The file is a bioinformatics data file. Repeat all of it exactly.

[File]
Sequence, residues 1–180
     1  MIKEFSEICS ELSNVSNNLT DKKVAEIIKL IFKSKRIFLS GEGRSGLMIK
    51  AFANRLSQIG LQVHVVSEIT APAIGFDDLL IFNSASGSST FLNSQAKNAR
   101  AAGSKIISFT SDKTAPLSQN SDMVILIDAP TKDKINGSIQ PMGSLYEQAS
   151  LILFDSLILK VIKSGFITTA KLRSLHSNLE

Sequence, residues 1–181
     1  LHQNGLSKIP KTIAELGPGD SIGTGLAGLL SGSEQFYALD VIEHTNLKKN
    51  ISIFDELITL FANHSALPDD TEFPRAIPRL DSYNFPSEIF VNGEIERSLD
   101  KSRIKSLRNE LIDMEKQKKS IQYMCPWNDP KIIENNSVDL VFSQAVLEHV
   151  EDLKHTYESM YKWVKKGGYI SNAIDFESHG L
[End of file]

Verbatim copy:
Sequence, residues 1–180
     1  MIKEFSEICS ELSNVSNNLT DKKVAEIIKL IFKSKRIFLS GEGRSGLMIK
    51  AFANRLSQIG LQVHVVSEIT APAIGFDDLL IFNSASGSST FLNSQAKNAR
   101  AAGSKIISFT SDKTAPLSQN SDMVILIDAP TKDKINGSIQ PMGSLYEQAS
   151  LILFDSLILK VIKSGFITTA KLRSLHSNLE

Sequence, residues 1–181
     1  LHQNGLSKIP KTIAELGPGD SIGTGLAGLL SGSEQFYALD VIEHTNLKKN
    51  ISIFDELITL FANHSALPDD TEFPRAIPRL DSYNFPSEIF VNGEIERSLD
   101  KSRIKSLRNE LIDMEKQKKS IQYMCPWNDP KIIENNSVDL VFSQAVLEHV
   151  EDLKHTYESM YKWVKKGGYI SNAIDFESHG L